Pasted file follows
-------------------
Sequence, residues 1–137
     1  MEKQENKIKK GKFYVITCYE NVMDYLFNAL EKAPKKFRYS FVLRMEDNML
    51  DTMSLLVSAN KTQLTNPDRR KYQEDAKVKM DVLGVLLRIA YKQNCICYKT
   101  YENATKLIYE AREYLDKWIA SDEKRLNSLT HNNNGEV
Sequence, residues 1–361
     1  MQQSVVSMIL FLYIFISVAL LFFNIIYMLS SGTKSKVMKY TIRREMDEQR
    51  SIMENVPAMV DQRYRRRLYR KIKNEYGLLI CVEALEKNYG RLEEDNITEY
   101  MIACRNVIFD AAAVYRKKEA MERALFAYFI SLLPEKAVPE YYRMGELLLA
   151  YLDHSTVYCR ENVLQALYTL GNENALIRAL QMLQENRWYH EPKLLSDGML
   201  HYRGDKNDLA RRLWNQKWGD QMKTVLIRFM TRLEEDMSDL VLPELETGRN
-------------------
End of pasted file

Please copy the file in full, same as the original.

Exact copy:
Sequence, residues 1–137
     1  MEKQENKIKK GKFYVITCYE NVMDYLFNAL EKAPKKFRYS FVLRMEDNML
    51  DTMSLLVSAN KTQLTNPDRR KYQEDAKVKM DVLGVLLRIA YKQNCICYKT
   101  YENATKLIYE AREYLDKWIA SDEKRLNSLT HNNNGEV
Sequence, residues 1–361
     1  MQQSVVSMIL FLYIFISVAL LFFNIIYMLS SGTKSKVMKY TIRREMDEQR
    51  SIMENVPAMV DQRYRRRLYR KIKNEYGLLI CVEALEKNYG RLEEDNITEY
   101  MIACRNVIFD AAAVYRKKEA MERALFAYFI SLLPEKAVPE YYRMGELLLA
   151  YLDHSTVYCR ENVLQALYTL GNENALIRAL QMLQENRWYH EPKLLSDGML
   201  HYRGDKNDLA RRLWNQKWGD QMKTVLIRFM TRLEEDMSDL VLPELETGRN